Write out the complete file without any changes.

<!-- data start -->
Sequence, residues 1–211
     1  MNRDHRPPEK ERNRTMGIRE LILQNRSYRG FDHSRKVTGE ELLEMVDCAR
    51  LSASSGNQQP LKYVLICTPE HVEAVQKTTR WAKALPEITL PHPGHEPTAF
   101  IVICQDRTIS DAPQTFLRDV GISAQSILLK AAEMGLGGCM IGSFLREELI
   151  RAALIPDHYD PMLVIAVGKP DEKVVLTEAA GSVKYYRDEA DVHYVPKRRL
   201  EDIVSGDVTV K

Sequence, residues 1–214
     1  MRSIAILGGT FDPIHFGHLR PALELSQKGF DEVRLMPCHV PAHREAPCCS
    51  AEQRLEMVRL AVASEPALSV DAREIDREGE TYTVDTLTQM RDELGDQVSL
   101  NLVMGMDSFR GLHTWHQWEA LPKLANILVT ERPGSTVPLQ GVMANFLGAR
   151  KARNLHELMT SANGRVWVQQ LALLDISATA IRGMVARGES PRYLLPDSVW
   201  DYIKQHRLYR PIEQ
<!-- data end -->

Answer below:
Sequence, residues 1–211
     1  MNRDHRPPEK ERNRTMGIRE LILQNRSYRG FDHSRKVTGE ELLEMVDCAR
    51  LSASSGNQQP LKYVLICTPE HVEAVQKTTR WAKALPEITL PHPGHEPTAF
   101  IVICQDRTIS DAPQTFLRDV GISAQSILLK AAEMGLGGCM IGSFLREELI
   151  RAALIPDHYD PMLVIAVGKP DEKVVLTEAA GSVKYYRDEA DVHYVPKRRL
   201  EDIVSGDVTV K

Sequence, residues 1–214
     1  MRSIAILGGT FDPIHFGHLR PALELSQKGF DEVRLMPCHV PAHREAPCCS
    51  AEQRLEMVRL AVASEPALSV DAREIDREGE TYTVDTLTQM RDELGDQVSL
   101  NLVMGMDSFR GLHTWHQWEA LPKLANILVT ERPGSTVPLQ GVMANFLGAR
   151  KARNLHELMT SANGRVWVQQ LALLDISATA IRGMVARGES PRYLLPDSVW
   201  DYIKQHRLYR PIEQ